I’ve had my fair share of rough patches in life. Almost all of them were caused by people — all of whom were blood relatives, in-laws, and a few rogue exes. When it comes to friends, however, I have lucked out immensely. I have rarely been in need of a good friend and been left wanting. Whether I need a place to crash, a reference for a loan, or even a bank account to use, my friends have always stepped up to the plate.
My best friend has often joked that she has no idea how I attract and keep so many friends, as anti-social as I am. That said, she is exaggerating just a tad. I wouldn’t say I’m anti-social, but you won’t find me complaining about social distancing and isolating, anytime soon.
Even so, recently, a few of my friends banded together to help me out of a difficult spot. I am so grateful and strongly believe that you should all have friends as wonderful as mine have been. So, I’m finally answering a question I get often: How do you meet these people?!
1. Be Sociable
There’s a good reason I don’t consider myself anti-social. I actually do get along with people just fine, once you manage to get me to agree to a social gathering. I will talk to just about anyone, anywhere — and so should you. You’d be amazed at the friendships you strike up this way. Here’s a good example:
In 2013, I was at a Western Union in Montego Bay, waiting in line for money my mom had wired. The girl beside me looked as frustrated and impatient as I was, so I started talking to her. We exchanged numbers before we left and became very close. So close, in fact, that when I left Jamaica in 2015, she took all my books and adopted my dog.
2. Be a Good Friend
I would love to tell you that nice people have the best friends, but you probably already learned this is not true. Nice people often get taken advantage of. Subsequently, the first person you need to be a good friend to is yourself. Be kind to yourself. That means knowing when to withdraw from situations that are bad for you and not blaming yourself for the ill-will of others.
Naturally, you should also be a good friend to your good friends. When people are good to you, return the favour whenever you can. I recently had the pleasure of helping two friends out of a difficult situation, who had previously helped me in a time of need. Being able to return that feels so rewarding.
3. Be Interesting
Boring is not a word anyone has ever associated with me. However, I learned from the best. I met some very interesting people along my journey through life and picked up many of the hobbies and interests we shared together, at the time: from learning to cook Thai food to snorkelling to kayaking to travelling solo.
Are you an interesting person to be around? Interesting people can enjoy their own company because they already have the passions, interests, and hobbies to keep themselves entertained. These same interests make conversations more fruitful. They also provide stronger bonding points, such as travelling or working out together versus just “hanging out”.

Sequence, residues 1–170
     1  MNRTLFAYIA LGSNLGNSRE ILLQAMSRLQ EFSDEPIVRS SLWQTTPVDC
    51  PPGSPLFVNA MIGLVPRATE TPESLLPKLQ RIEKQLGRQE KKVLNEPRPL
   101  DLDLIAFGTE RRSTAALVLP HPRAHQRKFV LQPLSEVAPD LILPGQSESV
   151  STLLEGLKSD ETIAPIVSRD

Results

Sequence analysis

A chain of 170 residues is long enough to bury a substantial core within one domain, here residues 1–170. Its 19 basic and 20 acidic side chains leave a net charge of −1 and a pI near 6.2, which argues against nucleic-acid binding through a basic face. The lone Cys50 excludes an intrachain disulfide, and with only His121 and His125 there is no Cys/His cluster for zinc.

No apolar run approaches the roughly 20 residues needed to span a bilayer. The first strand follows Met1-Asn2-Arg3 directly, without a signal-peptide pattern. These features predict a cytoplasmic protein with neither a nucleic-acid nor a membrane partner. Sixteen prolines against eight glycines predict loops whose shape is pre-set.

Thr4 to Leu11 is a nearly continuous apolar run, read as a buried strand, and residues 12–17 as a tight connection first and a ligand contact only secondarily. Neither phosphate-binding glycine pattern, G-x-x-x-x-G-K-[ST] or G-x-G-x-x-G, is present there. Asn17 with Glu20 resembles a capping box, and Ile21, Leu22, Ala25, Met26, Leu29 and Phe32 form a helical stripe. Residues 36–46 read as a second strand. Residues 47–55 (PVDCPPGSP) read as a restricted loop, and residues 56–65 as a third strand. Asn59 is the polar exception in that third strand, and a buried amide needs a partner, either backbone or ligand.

4. Keep Your Word
I’m not gonna lie, these days, I’ve been struggling with keeping my word when it comes to social gatherings. Even before the pandemic, I just find that I much prefer to be alone. I’d love to tell you it’s because I’m so wonderfully interesting, but I am an only child who spent too much time on her own and has no strong desire to change that.
When it really matters, however, I do keep my word, not just for others but for myself. People gravitate towards others who follow through, because they know that when it counts, we can follow through for them too. Note that, sometimes, following through is as simple as picking up the phone when you say you’re free to let someone vent.
5. Choose Your Friends
I attended Mount Alvernia High School in Montego Bay, Jamaica. On the first day of school, the teachers delivered a speech on the importance of choosing your friends and not letting them choose you. For the first week of school, I reflected on this advice and told myself time and time again that it was the most ridiculous thing I had ever heard. So, why am I giving you the same advice?
Well, it turns out they were right. Choose your friends; don’t let circumstances choose them for you. Be civil with the people in your life, but you don’t have to be friends with someone just because they are your housemate, sit next to you at work, or like the same band. Be more deliberate with your choices; set clear standards.
I am a strong believer in independence and self-reliance. But having good people in your life who volunteer to be your fail-safe for when things don’t go as planned is an A1 experience. If you have good friends, cherish them. Life is short, and in a pandemic, it can be even shorter.
As for your bad friends, don’t be afraid to show them the door. Someone has to, or they will never find a good enough incentive change.